The party has completed an adventure in which the payoff was a deed to a large amount of land/wealth/ship... however, it must be signed off by Count Lassar for the transfer to be legal.
After a long journey to his fief, they discover the Count is in residence… and is, in fact, the Last Count of Fallen Lassar. If he dies without heir, the title and fief, and all holdings revert to the Imperium, which includes the item the players have deed to. The count is well into old age, and the medication used to deal with nerve injuries from years ago interferes with anagathics.
Recently, the Count had a stroke and fell into a coma. Thinking fast, the Count’s personal physician stuck him in a low berth… and then had a discussion with the Seneschal.
In effect, the staff have staged a ‘palace coup’, with the Senseschal handling all affairs in the Count’s name, and no one telling the outside world the Count is on ice, since doing so would mean the entire staff losing their cushy jobs, and numerous starship crews finding their ship’s ownership in question, etc.
In come the players, asking for just a minute of the Count’s time to sign this paper…
- An Imperial megacorporation has a productive facility that is a part of the Lassar fief. If the fief reverted to Imperial holding, their tax rates would go way down.
- If the world reverted to Imperial holding, an Imperial megacorporation would lose their right to operate on the world—and worse, a competitor would have a very strong claim to the leasehold complete with improvements.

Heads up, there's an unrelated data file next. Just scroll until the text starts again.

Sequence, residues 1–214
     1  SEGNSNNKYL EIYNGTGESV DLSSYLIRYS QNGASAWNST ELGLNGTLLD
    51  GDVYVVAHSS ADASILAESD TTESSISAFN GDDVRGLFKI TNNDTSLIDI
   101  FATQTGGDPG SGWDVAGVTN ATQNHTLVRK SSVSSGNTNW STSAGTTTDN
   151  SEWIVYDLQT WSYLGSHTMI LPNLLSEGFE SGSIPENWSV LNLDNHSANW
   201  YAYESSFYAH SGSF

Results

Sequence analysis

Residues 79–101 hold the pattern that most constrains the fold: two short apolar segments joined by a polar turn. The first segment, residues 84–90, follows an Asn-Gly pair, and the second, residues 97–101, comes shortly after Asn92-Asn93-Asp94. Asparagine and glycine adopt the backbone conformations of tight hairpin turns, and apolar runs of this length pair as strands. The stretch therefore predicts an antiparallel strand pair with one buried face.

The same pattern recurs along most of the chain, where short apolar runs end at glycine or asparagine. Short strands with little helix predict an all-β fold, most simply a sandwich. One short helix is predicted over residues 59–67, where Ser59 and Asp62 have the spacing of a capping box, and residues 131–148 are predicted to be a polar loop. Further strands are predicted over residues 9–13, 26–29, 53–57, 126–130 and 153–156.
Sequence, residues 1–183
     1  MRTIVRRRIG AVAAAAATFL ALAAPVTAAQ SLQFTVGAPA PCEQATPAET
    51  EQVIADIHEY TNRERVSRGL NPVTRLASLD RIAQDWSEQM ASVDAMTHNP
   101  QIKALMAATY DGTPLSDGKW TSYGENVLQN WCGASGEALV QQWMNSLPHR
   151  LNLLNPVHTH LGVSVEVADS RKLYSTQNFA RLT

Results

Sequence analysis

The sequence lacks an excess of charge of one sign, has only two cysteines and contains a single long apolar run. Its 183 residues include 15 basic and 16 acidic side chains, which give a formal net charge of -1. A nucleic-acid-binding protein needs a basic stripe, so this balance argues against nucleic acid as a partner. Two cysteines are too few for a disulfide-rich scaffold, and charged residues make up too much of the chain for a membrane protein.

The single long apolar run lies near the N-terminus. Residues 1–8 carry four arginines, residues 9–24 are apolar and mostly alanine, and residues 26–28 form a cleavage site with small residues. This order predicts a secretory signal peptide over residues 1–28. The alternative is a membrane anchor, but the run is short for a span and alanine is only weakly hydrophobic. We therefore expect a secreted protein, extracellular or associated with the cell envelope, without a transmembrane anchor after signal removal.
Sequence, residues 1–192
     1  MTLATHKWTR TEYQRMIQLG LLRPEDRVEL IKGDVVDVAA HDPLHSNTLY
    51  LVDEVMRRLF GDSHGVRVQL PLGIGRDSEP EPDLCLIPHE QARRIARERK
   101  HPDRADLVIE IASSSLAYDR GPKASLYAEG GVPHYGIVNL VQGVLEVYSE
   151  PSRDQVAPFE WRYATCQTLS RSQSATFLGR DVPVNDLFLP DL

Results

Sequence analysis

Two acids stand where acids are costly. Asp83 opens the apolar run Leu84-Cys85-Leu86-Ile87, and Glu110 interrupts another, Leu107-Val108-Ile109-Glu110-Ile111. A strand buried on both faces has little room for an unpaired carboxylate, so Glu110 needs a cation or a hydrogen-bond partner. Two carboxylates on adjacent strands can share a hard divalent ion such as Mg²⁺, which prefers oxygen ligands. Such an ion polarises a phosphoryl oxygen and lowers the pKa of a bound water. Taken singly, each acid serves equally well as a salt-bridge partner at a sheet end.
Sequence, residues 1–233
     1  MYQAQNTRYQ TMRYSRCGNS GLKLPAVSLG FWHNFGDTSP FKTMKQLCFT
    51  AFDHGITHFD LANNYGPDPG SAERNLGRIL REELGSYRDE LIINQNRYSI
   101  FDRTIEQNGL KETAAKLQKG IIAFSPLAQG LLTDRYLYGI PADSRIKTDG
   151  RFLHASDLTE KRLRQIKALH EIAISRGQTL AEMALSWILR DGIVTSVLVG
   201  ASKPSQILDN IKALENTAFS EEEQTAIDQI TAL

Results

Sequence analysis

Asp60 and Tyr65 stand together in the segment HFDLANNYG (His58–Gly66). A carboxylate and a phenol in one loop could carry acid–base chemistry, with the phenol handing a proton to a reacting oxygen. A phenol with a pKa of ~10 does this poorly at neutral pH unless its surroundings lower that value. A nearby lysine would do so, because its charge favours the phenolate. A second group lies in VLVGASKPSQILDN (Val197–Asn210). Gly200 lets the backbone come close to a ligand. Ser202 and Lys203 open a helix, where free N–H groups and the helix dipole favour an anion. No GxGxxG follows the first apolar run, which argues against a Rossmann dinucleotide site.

- Many years ago, Count Lassar fathered a son on a mistress (he never married), and refused to acknowledge the boy, and exiled him. Although irregular, the Seneschal, in his capacity as de facto Regent, could provisionally acknowledge him, and designate him as the heir presumptive. This would preserve County Lassar, subject to an examination for fitness. The problem is that nobody in the County Lassar administration knows where the son can be found. All they have is copies of the passage tickets that mother and son used to leave the world. The Seneschal offers a quid pro quo: if the PCs find the son and bring him back, the Seneschal will, as Regent, sign off on the deed and cover the PCs reasonable expenses in the search besides. If the PCs refuse the offer, they’ll have to hope that Count Lassar recovers….
- While transfers of the nature outlined in the PCs’ deed do in fact require Count Lassar’s signature, the PCs’ deed is flawed, and could not be executed, even with the Count’s signature. The Seneschal helpfully points out the flaws, and tells the PCs how to get them corrected—but doing so is up to them, and will require that they go back to the person who gave them the deed. Of course, once the problem is corrected, there’s still the issue that the Count is in a coma….
- One of the PCs looks enough like the Count to be able to pass as him, except in the closest situations. The Seneschal takes this character aside, and explains the situation, and asks the PC if he’d be willing to stand in for the Count “temporarily” for a public appearance (“Petitioner’s Day”). If the imposture can be pulled off, nobody loses. If the imposture fails, or if the PC refuses, it could be the beginning of the end for County Lassar.
- While guests of the Count (really, of the Seneschal), one of the PCs overhears something suggestive of blackmail against one of the Seneschal’s aides. The threat is that the blackmailer will “tell the Duke the truth about the Count” if his demands aren’t met. How does the PC react?